In marketing, a company or other organization will often seek to cultivate a particular brand, meaning a set of easily identifiable qualities that the customer ascribes to the company or its products. A brand can be an asset to companies by allowing the consumer to better understand what the company does and by offering reasons, either implicit or explicit, why the consumer should purchase its products. This message is relayed to consumers through four main sources.
Planned messages are the most overt form of brand communication, comprising all marketing materials used to promote a company's products or services. These messages can take the form of advertising, package or promotional material. By making specific choices about the design and content of this material, a company will try to instill in the consumer's mind a specific understanding of the company values and personal qualities. Effective branding gives the company a "personality."
Service messages are messages about the brand that the consumer receives by the company's service providers. Service providers include all employees who interact with consumers in a professional setting. The messages derive both from the service provided and the manner in which it is delivered. For example, a company may ask its employers to act or speak in a certain way that is in sync with the company's brand.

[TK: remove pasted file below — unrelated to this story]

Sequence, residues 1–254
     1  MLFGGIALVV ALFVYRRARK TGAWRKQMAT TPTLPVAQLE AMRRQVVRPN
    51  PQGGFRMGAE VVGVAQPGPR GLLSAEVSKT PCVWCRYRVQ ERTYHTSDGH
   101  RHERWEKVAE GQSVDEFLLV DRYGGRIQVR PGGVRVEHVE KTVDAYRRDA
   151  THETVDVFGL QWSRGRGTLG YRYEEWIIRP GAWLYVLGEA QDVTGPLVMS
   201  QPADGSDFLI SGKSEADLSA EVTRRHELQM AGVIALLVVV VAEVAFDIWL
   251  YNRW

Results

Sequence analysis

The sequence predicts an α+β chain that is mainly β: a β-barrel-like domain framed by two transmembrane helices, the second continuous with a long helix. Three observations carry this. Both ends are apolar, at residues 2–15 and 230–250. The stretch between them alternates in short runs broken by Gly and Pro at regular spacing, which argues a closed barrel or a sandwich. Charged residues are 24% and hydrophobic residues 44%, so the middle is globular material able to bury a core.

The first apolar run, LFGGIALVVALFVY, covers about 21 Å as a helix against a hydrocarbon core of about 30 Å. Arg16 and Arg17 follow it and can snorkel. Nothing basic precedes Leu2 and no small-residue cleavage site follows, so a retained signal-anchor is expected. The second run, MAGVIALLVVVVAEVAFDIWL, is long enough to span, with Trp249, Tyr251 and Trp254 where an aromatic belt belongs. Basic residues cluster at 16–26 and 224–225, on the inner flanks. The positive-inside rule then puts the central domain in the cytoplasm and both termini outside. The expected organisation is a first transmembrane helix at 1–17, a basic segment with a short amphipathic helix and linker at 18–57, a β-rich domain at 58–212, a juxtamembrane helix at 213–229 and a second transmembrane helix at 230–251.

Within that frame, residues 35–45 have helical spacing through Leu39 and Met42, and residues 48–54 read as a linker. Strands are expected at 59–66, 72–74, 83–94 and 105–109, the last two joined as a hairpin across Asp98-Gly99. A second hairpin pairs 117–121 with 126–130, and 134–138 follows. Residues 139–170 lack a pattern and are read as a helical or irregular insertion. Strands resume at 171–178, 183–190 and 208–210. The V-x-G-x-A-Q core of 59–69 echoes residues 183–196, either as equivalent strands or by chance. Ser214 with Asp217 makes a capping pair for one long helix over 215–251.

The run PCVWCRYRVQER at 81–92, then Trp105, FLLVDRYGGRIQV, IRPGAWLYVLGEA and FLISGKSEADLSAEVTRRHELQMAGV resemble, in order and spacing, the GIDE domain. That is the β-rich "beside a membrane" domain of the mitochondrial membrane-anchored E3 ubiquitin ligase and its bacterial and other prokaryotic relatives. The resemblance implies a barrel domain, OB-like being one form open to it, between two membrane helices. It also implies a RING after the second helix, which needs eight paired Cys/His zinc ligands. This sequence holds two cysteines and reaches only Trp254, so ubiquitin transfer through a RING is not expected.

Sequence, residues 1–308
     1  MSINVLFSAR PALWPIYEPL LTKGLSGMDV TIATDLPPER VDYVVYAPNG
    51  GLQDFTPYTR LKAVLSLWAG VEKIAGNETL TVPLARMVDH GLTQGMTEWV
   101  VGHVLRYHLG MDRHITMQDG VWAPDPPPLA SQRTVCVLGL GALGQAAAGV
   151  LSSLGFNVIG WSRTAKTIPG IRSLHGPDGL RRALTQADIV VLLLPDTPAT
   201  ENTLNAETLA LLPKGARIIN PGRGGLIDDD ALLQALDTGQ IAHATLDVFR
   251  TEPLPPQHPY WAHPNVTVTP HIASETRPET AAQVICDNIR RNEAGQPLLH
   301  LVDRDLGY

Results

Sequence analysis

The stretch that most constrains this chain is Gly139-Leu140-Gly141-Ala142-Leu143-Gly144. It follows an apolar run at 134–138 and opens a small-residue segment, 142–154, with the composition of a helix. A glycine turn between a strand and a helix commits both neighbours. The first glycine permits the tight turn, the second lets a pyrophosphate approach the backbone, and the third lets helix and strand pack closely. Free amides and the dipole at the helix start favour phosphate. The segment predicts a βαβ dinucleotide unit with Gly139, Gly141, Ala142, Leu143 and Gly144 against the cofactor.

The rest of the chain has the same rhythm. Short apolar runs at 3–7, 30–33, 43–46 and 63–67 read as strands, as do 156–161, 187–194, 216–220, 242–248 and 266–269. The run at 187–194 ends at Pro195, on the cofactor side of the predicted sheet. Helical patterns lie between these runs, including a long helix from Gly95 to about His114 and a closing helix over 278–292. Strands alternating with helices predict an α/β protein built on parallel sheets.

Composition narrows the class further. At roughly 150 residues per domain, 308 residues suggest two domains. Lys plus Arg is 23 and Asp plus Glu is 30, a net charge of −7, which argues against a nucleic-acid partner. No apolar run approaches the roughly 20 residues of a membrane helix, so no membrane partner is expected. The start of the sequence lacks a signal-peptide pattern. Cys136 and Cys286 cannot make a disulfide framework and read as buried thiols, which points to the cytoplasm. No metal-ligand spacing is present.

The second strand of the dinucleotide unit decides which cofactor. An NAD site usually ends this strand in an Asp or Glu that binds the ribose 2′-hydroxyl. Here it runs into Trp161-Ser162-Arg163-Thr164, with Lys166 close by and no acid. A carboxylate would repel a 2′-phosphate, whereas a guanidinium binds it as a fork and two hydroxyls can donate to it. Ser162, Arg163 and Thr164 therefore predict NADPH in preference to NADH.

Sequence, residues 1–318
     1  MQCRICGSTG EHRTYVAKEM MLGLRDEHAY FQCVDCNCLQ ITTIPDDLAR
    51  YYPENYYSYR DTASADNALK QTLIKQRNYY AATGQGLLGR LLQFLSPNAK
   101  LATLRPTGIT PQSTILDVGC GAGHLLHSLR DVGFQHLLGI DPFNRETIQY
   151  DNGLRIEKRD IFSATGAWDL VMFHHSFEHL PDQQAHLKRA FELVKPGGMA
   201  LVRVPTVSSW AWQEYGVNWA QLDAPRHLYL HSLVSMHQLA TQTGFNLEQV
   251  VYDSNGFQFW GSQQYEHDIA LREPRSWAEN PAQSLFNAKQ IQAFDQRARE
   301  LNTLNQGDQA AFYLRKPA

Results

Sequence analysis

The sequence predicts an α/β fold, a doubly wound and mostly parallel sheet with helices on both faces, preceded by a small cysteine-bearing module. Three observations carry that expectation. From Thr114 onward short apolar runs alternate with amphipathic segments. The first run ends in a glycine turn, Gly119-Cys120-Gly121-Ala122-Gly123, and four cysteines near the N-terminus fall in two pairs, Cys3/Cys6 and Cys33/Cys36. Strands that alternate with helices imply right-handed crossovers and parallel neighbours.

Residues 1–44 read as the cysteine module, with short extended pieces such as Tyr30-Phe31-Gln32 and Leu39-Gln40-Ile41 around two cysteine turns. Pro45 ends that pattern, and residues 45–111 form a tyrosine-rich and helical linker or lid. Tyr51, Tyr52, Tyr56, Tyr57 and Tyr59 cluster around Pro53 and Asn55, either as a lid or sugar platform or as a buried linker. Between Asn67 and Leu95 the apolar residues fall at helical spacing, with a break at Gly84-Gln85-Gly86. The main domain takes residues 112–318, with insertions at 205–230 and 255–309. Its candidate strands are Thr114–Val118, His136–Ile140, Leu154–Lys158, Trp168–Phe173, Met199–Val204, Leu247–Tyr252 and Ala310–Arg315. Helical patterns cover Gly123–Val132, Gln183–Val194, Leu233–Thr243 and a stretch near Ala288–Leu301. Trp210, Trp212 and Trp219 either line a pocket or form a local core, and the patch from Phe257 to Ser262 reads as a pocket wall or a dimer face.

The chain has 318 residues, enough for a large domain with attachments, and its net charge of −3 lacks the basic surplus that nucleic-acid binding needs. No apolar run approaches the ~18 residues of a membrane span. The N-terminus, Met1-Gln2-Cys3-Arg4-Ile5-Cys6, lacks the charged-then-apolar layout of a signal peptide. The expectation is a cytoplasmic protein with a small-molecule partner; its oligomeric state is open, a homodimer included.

Product messages are messages that a consumer receives in the course of using a company's product. Both the design and the function of the product will communicate to the consumer messages about the company. For example, the computer company Apple makes products, such as the iPod, that are consistent with the company's brand--efficient, intelligent, stylish and user-friendly. It will also maintain a consistent aesthetic, one that favors smooth lines and the color white.
When a consumer receives messages about a company that the company did not intend for it to receive, such as information conveyed by word of mouth or the media, he uses this information to shape his own understanding of the company's brand. Although all messages conveyed by the media are referred to as "unplanned," skillful companies may attempt to shape the media's understanding of their products and services, retaining some control over these messages.
Michael Wolfe has been writing and editing since 2005, with a background including both business and creative writing. He has worked as a reporter for a community newspaper in New York City and a federal policy newsletter in Washington, D.C. Wolfe holds a B.A. in art history and is a resident of Brooklyn, N.Y.